Keeping a close watch on migrants

Watching for migrating birds.
Watching for migrating birds.

THERE was something exciting out to sea. But what could it be? I had arrived at the shingle bank at Church Norton to see if anything was about. Evidently there was. The couple shown in my photo this week were transfixed.

Casually I sat down like a camel in the desert, feeling the stony shingle and the seashells imprinting my buttocks, and drew forth my binoculars to share this rarity with them.

Noting the angle of the glance, I too stared in the direction of France. There were waves, more waves and waves beyond. The murmuring sea that on the un-numbered idle pebbles chafed vegan to lull my senses.

There was nothing whatever out there. Yes the couple continued to stare through their telescopes as if Operation Sealion had begun.

Behind us in Pagham Harbour there were, after all, some remains of the concrete Mulberry Harbour made for the D-Day landings.

It gradually disintegrates over the years, returning itself back into shingle. The curlews and oystercatchers like to feel its reflected warmth of sunlight on cold winter days,

After 30 minutes of staring at nothing, but pretending I had the thing in view as well, I began to think of that flask of cocoa in my rucksack.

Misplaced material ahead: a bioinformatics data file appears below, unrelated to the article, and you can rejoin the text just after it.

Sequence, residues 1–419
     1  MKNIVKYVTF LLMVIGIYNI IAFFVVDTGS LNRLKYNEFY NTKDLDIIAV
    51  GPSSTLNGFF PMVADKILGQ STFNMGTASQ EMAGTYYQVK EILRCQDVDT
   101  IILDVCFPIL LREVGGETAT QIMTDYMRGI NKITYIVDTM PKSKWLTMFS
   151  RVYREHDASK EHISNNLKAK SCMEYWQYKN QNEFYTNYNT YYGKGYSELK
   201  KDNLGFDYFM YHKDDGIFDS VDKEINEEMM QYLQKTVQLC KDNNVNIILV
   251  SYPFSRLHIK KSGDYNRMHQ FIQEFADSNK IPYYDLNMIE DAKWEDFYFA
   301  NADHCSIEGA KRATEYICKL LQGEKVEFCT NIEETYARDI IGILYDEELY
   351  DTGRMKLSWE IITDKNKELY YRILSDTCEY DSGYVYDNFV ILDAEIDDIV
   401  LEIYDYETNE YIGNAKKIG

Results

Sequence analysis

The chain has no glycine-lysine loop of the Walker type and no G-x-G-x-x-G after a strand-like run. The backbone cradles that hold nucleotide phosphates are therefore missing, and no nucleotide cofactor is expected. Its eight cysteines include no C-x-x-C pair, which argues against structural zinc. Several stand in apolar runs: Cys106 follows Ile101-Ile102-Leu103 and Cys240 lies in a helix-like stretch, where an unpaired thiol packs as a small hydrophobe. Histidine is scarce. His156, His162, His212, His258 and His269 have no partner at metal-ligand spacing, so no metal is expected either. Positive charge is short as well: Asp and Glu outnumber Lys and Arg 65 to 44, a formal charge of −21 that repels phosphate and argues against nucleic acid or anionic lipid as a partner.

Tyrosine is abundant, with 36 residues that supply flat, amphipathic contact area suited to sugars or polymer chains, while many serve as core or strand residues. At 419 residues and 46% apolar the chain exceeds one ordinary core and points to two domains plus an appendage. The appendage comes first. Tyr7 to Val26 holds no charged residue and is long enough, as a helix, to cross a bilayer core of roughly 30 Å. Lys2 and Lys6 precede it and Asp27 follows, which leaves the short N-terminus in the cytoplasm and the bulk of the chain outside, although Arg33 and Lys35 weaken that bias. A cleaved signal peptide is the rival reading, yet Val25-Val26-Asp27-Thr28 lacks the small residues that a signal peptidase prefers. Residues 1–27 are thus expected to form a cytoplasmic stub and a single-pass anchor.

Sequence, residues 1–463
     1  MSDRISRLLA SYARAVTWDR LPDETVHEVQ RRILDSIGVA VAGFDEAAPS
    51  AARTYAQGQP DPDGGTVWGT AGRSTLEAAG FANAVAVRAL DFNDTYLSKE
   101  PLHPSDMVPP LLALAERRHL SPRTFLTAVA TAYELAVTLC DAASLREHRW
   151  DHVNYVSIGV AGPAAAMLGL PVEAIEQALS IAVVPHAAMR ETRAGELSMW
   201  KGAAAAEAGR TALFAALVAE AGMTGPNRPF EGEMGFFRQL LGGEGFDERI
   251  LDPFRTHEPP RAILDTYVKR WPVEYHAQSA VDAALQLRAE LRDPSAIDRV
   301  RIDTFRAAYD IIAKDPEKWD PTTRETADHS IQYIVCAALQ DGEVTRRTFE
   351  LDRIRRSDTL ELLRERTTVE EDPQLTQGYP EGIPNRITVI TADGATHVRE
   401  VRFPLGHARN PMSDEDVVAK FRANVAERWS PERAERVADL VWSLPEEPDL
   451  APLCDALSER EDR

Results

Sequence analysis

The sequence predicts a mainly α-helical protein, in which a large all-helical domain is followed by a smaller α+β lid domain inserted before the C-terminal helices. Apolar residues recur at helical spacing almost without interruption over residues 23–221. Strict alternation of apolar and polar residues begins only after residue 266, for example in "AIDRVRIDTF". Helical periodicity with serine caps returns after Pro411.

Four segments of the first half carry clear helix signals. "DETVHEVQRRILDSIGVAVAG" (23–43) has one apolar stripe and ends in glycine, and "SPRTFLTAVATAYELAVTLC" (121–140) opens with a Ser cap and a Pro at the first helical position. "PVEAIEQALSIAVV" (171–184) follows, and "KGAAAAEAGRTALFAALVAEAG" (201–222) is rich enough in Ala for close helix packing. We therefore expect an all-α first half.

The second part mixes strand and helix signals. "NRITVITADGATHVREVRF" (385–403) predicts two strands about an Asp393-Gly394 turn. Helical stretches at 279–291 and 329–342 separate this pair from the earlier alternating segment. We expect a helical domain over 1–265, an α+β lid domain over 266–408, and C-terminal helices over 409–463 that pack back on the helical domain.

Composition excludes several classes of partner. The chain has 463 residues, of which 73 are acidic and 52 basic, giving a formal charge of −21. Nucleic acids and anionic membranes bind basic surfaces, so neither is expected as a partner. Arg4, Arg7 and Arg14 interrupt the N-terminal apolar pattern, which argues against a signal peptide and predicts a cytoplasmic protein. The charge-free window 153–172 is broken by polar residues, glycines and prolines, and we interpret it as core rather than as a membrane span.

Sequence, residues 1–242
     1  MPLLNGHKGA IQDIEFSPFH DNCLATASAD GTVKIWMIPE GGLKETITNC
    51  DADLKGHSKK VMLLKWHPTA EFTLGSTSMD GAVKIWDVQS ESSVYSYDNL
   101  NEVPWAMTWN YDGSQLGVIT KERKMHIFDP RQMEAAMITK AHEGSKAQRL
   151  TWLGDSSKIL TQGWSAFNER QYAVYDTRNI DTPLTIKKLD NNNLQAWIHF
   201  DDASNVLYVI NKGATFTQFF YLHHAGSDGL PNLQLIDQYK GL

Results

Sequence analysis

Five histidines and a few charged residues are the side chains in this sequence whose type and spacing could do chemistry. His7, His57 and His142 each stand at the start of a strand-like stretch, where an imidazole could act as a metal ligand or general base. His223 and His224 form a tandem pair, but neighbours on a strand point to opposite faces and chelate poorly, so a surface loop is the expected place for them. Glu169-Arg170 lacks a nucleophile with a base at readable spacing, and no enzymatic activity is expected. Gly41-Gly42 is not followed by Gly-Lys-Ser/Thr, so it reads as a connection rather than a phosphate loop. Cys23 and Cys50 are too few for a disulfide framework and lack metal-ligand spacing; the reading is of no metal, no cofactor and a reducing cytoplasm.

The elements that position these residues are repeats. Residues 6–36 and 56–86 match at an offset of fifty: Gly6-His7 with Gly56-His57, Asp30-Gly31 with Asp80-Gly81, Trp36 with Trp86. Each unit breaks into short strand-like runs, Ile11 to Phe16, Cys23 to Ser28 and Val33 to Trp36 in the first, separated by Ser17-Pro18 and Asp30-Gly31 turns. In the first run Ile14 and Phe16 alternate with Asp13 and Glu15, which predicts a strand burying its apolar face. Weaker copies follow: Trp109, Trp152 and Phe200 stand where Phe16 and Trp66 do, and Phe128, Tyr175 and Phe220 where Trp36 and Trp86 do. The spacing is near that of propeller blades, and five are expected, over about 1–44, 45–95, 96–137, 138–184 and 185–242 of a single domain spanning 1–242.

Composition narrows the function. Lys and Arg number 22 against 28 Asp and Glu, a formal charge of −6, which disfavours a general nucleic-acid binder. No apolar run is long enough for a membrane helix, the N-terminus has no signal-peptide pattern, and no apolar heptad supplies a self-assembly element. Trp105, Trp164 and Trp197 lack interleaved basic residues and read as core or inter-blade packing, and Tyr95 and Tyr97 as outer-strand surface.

I did not like to disturb this couple’s trance lest they lose the tiny dot in the distance.

You see, this Sea Watch in which folk indulge down here on the Sussex coast deserves the capital letters that denote its gravure.

I wish I had their focus but I am only a wanderer who only hopes to see something nice and pick up trifles. Not these people. They proudly record their time spent looking, which in Egypt, bazaar owners would call: ‘Jus lookin’, quite wrongly.

Sea Watchers are committed and record their time and the jewels they receive in their lenses from the ocean deep.

The records give proper time-lapse data that can be compared decade on decade, giving an idea whether passage migrants along the seaways of the English Channel are increasing or decreasing over time.

All kinds of wonderful things are out there beyond the sight of normal eye. Arctic skuas flying to the Shetlands, eider ducks resting on their way to the Farnes; great northern divers tracking to the Kara Sea in Russia.

And the first arctic terns from Antarctica to the Arctic, a flight of knots from South America to Spitsbergen.

The cocoa was warming and I think I must have dozed for a second.

When I awoke, the couple had gone, so I shall never know what was out in the blue lagoon by way of Bognor Regis.